13 Reasons Why: Beyond the Reasons is a 30-minute-long mini-documentary directed by Brian Carroll. It features members of the original 13 Reasons Why cast talking about their experiences filming the show and executive producers Mandy Teefey and Selena Gomez talking about why they were motivated to create the show.


Several members of the original cast, such as Dylan Minnette (Clay Jensen), Katherine Langford (Hannah Baker), and others return in this documentary to talk about their experiences with bullying and filming the show. Professionals who deal with sexual assault and bullying victims talk about how things play out in the show and how you can spot the signs of victims, but how you can also say the wrong thing or completely miss the signs. Executive producers Selena Gomez and Mandy Teefey, Gomez's mother, talk about their motives for creating the show and why the show is special to Gomez in particular. Jay Asher is featured in the documentary as well, talking about his experiences with the cast and crew in making the show.


To be added.

Cast and Crew

Order of Appearance



It's definitely a generational thing, because my whole middle school and high school when we got home, all we would do is hop on, either it was Myspace, Facebook, Twitter and Instagram. So that's our whole world, is our school and then social media. So that's why when you're being cyberbullied, you're being attacked by so many people, who are hiding behind, you know, a computer screen.
— Alisha Boe (on cyberbullying)

Adults don't realize how much cyber bullying is hurtful, because it didn't exist when people my age were younger. And cyberbullying doesn't end when the school bell rings.
— Dr. Hu (on cyberbullying and adults)

Once something is online, it's just there, and a picture can say a million different things. And people come up and conjure up their own story, or what they think is right. And it affects you, it hurts you.
— Selena Gomez (on Photographic Cyberbullying)

Suddenly you can feel so terribly alone, and because of their interaction and because they're so engaged, and tethered to their devices, there actually is no safe space.
— Alexis Jones (on cyberbullying)

The adults tend to trivialize what for teenagers and young adults is not trivial. Teenage brains don't work the way adult brains work. You know? Trauma and pain? Feel like they're going to last forever. And I think that we forget that sometimes.
— Brian Yorkey (on the downplay of cyberbullying from adults)

Hopefully sharing these stories can help parents pay attention to things that may be small to them, but, could be rocking the world of their kid.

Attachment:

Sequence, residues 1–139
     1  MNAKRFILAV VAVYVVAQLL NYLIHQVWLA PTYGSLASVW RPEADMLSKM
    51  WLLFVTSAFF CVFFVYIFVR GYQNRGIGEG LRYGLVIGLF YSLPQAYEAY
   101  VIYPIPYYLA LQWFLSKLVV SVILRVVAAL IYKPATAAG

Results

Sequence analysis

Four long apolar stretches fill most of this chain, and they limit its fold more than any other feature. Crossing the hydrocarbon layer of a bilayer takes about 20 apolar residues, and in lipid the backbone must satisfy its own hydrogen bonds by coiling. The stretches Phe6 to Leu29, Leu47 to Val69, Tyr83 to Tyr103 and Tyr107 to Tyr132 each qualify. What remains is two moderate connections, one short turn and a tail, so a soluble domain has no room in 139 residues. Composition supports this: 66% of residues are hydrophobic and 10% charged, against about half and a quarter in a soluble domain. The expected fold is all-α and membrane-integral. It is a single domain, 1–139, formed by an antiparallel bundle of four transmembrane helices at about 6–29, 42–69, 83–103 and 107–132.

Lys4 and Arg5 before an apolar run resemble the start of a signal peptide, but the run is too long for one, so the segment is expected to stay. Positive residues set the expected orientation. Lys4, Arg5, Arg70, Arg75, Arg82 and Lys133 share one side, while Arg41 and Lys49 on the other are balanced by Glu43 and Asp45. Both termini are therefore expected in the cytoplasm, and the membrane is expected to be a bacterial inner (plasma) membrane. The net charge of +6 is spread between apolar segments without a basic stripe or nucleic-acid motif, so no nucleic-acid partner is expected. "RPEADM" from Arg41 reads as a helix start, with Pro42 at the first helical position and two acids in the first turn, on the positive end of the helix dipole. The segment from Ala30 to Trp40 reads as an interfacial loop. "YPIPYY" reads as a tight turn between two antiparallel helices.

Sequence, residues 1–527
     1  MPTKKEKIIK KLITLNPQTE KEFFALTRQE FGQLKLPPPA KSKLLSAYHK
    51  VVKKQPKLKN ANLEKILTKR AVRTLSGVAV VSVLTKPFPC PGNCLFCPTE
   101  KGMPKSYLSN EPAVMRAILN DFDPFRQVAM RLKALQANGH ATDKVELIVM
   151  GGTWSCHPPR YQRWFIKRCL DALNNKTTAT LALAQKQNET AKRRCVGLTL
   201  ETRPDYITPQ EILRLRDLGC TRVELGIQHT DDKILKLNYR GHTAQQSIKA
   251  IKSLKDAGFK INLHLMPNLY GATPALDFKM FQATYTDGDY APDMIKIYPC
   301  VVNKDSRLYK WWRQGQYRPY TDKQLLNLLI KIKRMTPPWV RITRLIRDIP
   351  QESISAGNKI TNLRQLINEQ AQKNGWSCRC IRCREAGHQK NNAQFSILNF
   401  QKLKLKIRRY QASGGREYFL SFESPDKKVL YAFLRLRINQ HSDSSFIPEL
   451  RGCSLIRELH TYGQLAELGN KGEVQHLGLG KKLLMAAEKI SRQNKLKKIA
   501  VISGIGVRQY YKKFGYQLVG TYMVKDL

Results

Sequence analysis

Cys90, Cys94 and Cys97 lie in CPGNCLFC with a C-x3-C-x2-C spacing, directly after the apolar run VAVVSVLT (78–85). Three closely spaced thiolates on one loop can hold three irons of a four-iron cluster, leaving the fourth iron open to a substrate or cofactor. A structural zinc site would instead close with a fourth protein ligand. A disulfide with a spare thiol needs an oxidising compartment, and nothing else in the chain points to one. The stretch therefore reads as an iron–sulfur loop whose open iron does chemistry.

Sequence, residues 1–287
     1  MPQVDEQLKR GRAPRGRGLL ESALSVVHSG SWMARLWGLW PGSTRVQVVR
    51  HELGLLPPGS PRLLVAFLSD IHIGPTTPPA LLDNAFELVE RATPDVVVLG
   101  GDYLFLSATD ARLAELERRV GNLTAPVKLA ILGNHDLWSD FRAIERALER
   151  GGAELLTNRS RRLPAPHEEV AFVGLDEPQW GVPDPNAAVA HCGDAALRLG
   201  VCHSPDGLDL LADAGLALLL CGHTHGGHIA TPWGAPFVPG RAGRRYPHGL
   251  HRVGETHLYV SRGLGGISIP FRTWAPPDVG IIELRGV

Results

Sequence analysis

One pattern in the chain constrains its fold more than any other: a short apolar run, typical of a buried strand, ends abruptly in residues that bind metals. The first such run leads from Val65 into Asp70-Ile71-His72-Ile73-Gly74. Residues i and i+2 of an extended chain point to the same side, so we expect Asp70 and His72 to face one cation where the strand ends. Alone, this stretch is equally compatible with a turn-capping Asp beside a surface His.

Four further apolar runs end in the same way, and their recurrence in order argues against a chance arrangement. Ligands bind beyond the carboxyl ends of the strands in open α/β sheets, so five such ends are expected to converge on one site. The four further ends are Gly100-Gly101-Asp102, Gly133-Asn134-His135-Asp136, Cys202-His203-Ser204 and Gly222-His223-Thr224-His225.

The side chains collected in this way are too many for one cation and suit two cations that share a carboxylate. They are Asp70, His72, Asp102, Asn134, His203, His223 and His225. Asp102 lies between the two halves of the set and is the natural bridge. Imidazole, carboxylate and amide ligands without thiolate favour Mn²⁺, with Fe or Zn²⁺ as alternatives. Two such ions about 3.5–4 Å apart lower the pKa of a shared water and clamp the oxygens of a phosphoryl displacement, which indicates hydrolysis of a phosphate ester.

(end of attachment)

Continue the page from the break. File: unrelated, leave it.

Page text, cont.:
— Mandy Teefey (on 13 Reasons Why)

In high school your reputation is everything. And she (Hannah) stopped being a human being to all those guys and became a "thing".
— Brian Yorkey


The topic of slut shaming, like what happened with Hannah, we're in a place where, on the one hand, girls feel incredible pressure to be rated on being attractive, to be popular, to be good-looking, to look perfect o Instagram. And yet if it goes just a touch too far somehow, now you're a slut, nobody likes you, you're not worthy of being a "real" girlfriend.
— Dr. Helen Hsu (on Slut-Shaming)

Somehow all those things get mixed up, especially for girls and women. And for a girl who's just developing her identity, and just developing into her body, and just learning about sexuality and relationships, it's a lot of hurdles to navigate.
— Dr. Helen Hsu

I think the hard thing about the minute that a girl in this context is labeled a slut is because it's just a snowball effect. Because it gives people permission to continue to treat her as though she's a sexual object instead of a human being.
— Alexis Jones

Growing up and going through high school, is when you're meant to be learning about who you are. And maybe having your first sexual experience(s); having your first boyfriend or girlfriend and trying to figure that out. And this huge culture of slut-shaming affects her, ultimately.
— Katherine Langford


  • ProtectHer is a locker room program educating male athletes on the importance of respecting women, founded by Alexis Jones, who appears in Beyond the Reasons, talking about cyberbullying and bullying in general.





13 Reasons Why: Beyond the Reasons